The California Department of Water Resources on Thursday announced it will fund $14million worth of water infrastructure projects throughout the Sacramento region.
The department announced the awards to pay for construction of 19 projects during a news conference at the Sacramento River intake facility near Discovery Park.
The funds are designed to help municipalities deal with the current drought, and help them cope with the effects of future dry spells.
Many of the projects involve improving distribution of stored groundwater to areas that now depend on surface water from river or reservoirs.
In total, $9.7million in drought relief funds will finance 17 projects by the Sacramento Regional Water Authority. The Yolo County Flood and Conservation District received $4million to fund two projects.
The funding is part of $220million of expedited grant money in Gov. Jerry Brown’s Water Action Plan, released early this year, calling for long-term improvements in water storage, distribution and conservation.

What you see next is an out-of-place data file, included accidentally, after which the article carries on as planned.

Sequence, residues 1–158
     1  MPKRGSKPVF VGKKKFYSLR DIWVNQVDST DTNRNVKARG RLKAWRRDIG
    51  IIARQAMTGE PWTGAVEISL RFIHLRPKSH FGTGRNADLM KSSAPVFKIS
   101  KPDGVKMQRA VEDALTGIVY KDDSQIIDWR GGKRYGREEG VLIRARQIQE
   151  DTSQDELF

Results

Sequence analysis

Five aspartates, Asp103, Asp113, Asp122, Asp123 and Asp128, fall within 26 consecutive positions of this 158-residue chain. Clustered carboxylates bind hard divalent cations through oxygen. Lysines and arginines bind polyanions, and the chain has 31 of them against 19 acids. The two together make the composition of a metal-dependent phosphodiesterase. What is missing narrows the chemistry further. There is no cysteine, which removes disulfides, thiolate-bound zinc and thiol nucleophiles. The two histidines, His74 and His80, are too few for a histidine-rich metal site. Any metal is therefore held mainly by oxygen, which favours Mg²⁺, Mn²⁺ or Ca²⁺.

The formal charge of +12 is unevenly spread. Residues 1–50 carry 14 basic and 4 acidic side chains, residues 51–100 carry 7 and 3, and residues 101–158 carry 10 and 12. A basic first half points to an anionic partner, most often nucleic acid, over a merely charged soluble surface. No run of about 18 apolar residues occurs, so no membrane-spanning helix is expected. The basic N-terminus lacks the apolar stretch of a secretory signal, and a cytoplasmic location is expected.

The projects include the construction of a $5million pipeline for the Carmichael Water District. That pipeline will be 7,400 feet long and will give the district the option of sending groundwater to the Golden State Water Co., which also serves customers in Sacramento’s eastern suburbs.
The Sacramento Suburban Water District will get $2million to build an Antelope booster pump station.
“That pump station will use an existing pipeline that was put in to bring surface water to the center of our region and allows the movement of ground water to those agencies that are heavily dependent on Folsom reservoir,” said John Woodling, executive director of the Regional Water Authority.
Another project will involve installing devices known as vortex breakers at the Sacramento River intake facility to reduce the amount of air sucked into pumps. River-bottom pumps will be outfitted with breakers that mitigate the effects of vortexes, or eddies, that form when water is taken into the system when water levels are very low.
Vortexes have the potential to ruin costly pumps at the facility, which processes 30million gallons of water each day.
Overall, the funds weigh heavily to making the best use of the region’s groundwater stores. “During these dry times, the groundwater basin really is our insurance policy,” Woodling said.
Call The Bee’s Edward Ortiz, (916)321-1071. Follow him on Twitter @edwardortiz.